Instant: The Story of PolaroidBy Christopher Bonanos<br>Princeton Architectural Press, £15.99 / $24.95<br>
In late 1943, Edwin Land went on holiday with his family to Santa Fe. Land, then 34, had been making polarising filters for sunglasses and camera lenses under the name Polaroid since 1937, but he was an indifferent photographer. Nevertheless, he snapped some pictures of his three-year-old daughter, Jennifer, with a Rolleiflex camera, only for her to ask: ‘Why can’t I see the picture now?’
As Christopher Bonanos notes in his accessible history of the Polaroid camera and the people and company behind it, the story is too neat, too perfect. Land himself later called it his ‘apocryphal true story’. But it works: not only as creation myth but as a warning. Few books can be more shadowed by future technologies than histories of photography before the advent of the digital camera – but a digital camera is an instant camera, too.
Land was a driven man, given to working all hours when an idea was upon him, going through teams of laboratory assistants and sometimes spending days without sleeping or changing his clothes. Inventions poured from him, and so did patents (Land’s policy was to patent everything, keeping numerous lawyers on staff), but his greatest talent lay in recognising how people would use his inventions. In 1965, Polaroid introduced the budget Swinger camera for young people with a commercial featuring Ali MacGraw walking down the beach to a nifty surf-rock jingle: ‘It’s more than a camera, it’s almost alive / it’s only nineteen dollars and ninety-five’. Polaroid’s more furtive uses, which were never discussed openly, were nevertheless referred to in-house as ‘intimacy’, and considered one of the camera’s main attractions.
Polaroid’s relationship with artists was another pillar of its success, beginning with Ansel Adams’ retainer of $100 a month to work with, and critique, its cameras, and continuing through the work of Andy Warhol, David Hockney, Robert Mapplethorpe, Chuck Close, Mary Ellen Mark and many others who made Polaroid central to their work. Adams’ iconic ‘El Capitan’ shots were made with a special professional Polaroid film, Type 55, which also produced large-format negatives.
Bonanos’ history is written in an easy style, covering some 70 years in less than 200 pages, rich with photographic and artistic allusions. While the author takes care to point out that there are more in-depth biographies of Land himself available, and that this is a history of the cameras and not the man, it’s hard to separate the two (indeed, Kodak executives, when enquiring about Polaroid’s activities, would always ask ‘What’s he up to?’). An occasionally gossipy tone befits a book largely based on recollections of those who were there: Polaroid employees, artist associates, business rivals and the end consumers. Where there are complex chemical processes to explain, Bonanos tends to go for summary over in-depth explanation, but he makes clear where credit for such genius lies, and how important science is to the story.
The book, designed by the Graphics Office for Princeton Architectural Press, is lavishly illustrated with full colour pages throughout, excellently reproducing many famous shots, from the moment Land unveiled the first Polaroid in public – tellingly, a self-portrait – to candid snapshots, advertising materials and product shots. It’s a shame such effort wasn’t put into the e-book edition, where the images, poorly reproduced in black and white on most e-readers, lose much of their power – another instance of digital technology killing Polaroid.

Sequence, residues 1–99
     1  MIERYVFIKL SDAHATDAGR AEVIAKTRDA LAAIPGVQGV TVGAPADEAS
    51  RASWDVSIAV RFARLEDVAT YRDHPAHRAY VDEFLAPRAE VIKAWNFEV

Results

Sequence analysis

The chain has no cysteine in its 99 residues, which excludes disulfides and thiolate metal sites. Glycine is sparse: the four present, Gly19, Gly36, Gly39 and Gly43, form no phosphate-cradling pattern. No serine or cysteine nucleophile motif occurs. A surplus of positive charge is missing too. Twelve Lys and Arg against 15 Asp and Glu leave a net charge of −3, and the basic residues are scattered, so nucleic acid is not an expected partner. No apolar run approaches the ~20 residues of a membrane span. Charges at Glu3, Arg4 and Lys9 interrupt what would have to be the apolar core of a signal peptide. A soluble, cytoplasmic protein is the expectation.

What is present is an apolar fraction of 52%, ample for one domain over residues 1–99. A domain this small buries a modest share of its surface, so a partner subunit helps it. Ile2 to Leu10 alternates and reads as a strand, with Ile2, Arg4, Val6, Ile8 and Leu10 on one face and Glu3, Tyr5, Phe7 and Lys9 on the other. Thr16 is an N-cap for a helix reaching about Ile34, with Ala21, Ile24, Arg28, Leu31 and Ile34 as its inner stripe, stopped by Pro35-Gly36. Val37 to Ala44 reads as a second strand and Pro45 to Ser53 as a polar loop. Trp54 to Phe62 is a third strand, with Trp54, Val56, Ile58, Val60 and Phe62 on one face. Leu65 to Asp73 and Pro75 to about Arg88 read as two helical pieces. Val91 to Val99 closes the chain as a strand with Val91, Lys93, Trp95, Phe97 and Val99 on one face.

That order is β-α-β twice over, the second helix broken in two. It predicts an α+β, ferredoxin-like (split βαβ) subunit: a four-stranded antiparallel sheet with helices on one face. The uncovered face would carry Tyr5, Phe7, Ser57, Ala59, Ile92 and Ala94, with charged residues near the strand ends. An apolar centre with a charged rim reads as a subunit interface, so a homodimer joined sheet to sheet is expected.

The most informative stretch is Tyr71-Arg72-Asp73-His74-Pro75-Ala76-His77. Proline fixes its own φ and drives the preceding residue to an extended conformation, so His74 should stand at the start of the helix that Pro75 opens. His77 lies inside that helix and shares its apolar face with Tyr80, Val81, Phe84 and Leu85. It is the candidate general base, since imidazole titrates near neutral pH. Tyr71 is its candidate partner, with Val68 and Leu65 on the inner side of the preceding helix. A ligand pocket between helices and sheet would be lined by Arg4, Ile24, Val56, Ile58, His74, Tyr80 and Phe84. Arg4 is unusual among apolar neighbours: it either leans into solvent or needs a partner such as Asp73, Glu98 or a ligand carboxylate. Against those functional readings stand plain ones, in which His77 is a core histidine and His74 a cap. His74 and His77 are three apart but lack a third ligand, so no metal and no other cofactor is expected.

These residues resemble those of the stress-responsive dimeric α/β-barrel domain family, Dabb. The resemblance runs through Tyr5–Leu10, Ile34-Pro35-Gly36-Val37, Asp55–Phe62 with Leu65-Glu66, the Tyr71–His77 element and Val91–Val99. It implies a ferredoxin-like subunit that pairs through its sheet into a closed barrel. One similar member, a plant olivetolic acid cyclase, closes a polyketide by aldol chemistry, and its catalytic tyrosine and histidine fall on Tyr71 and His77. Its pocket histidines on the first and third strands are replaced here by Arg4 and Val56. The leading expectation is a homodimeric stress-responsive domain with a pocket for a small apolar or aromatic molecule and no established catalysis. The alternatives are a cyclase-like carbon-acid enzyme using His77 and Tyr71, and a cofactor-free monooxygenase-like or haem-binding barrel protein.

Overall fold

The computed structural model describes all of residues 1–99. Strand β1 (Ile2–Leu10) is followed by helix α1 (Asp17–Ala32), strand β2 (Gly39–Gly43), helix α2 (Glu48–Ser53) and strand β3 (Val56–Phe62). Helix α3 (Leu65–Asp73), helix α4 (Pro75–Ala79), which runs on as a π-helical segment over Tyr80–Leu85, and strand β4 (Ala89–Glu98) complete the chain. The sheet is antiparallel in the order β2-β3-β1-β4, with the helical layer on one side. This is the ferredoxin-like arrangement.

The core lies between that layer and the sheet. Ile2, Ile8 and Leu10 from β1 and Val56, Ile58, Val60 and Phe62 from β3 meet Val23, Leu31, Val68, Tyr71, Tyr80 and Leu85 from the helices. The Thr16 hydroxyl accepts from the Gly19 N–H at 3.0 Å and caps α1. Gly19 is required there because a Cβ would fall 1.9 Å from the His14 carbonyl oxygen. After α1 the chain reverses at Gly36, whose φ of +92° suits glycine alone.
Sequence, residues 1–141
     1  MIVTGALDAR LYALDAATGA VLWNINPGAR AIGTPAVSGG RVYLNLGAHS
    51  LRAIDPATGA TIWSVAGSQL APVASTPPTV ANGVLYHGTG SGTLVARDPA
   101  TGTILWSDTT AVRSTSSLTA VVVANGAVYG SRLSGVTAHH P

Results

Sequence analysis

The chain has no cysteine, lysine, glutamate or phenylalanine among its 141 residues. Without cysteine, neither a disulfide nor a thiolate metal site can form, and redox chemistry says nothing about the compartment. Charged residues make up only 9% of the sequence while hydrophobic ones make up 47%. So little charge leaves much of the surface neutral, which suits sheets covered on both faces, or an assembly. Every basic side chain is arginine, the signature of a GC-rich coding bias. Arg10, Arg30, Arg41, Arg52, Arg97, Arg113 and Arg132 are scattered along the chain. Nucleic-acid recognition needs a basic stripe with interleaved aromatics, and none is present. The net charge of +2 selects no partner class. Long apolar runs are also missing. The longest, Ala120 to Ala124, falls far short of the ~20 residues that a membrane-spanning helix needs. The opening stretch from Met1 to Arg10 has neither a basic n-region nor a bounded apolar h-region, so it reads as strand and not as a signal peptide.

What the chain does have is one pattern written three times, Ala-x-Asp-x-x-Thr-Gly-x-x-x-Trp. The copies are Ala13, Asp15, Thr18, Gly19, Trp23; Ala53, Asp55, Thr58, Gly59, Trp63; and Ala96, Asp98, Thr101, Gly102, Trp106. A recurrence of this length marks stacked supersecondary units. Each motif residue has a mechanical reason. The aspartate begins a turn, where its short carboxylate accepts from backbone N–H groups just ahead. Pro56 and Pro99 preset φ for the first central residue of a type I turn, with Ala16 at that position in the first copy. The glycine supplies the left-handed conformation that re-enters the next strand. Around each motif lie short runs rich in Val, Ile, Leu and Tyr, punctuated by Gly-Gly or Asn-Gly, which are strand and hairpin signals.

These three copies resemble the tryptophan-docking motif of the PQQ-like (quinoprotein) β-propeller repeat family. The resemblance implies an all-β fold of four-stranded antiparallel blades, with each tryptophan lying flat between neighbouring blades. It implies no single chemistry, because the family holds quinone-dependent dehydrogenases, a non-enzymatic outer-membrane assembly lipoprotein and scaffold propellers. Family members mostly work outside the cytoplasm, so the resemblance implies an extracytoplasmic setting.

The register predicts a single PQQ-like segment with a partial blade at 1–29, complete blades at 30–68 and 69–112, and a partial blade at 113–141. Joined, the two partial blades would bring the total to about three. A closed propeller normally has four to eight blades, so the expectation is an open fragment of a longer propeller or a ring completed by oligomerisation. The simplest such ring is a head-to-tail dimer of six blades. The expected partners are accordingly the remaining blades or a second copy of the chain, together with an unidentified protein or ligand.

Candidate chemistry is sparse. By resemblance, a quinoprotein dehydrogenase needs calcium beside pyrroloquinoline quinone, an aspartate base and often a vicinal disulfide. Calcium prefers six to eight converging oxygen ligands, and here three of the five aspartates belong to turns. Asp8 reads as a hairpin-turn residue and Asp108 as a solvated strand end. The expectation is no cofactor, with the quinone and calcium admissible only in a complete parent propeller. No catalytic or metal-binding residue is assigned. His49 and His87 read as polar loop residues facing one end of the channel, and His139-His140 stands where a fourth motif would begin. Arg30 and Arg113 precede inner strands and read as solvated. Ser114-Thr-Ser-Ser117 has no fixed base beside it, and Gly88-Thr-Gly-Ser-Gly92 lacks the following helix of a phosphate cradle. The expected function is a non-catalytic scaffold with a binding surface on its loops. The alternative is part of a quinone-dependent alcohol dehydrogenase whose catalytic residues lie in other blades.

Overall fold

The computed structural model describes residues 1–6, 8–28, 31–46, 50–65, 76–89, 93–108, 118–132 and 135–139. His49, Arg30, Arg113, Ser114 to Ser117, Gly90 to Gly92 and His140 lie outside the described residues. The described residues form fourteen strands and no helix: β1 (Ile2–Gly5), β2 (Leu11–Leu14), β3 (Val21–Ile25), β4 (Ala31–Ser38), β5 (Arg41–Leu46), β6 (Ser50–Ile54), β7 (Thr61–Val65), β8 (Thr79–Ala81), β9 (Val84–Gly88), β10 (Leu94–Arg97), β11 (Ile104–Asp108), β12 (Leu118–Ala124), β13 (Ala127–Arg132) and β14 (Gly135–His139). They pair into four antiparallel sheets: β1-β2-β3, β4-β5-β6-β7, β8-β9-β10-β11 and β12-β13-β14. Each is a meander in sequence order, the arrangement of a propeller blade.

Eventually, Polaroid hit its black period of bankruptcies, culminating in the final cessation of film manufacture in 2008, which was due to managerial stagnation and a lack of invention as much as to the advent of digital photography. There are not many companies extant which unveiled their core product in the first half of the twentieth century. The success of the Impossible Project, a fan-led effort to reproduce instant film for Polaroid cameras, despite having in effect to figure out from scratch the cocktail of more than 30 ingredients involved in each exposure, proves that it was never Land’s invention that was out of time.
Over time, the shape of the classic Polaroid print, the white frame with the wide bottom border, has come to stand not just for instant photos, or even printed photographs, but for the idea of photography itself. Our very understanding of the passage of time is ingrained with the recognisable patinas of eras of photography, which technology now allows us to overlay on to the contemporary in order to reassure ourselves – perhaps hopefully, perhaps dangerously – of the stability of current technologies. Polaroid’s legacy, then, has ultimately less to do with corporate invention – notwithstanding Bonanos’ repeated and somewhat tiresome comparisons of Land to Steve Jobs – or with a transformation in the history of the photographic arts, but with how we see the world now, as something to be framed, snapped, shared, stored and set free.
In 1970, Land outlined his vision of the future of photography. ‘We are still a long way,’ he said, ‘from the camera … that would be, oh, like the telephone: something that you use all day long … a camera which you would use not on the occasion of parties only, or of trips only, or when your grandchildren came to see you, but a camera that you would use as often as your pencil or your eyeglasses.’ It would be ‘something that was always with you.’ In so many ways, we are still living in Land’s future.
James Bridle, writer, artist, London
First published in Eye no. 85 vol. 22 2013
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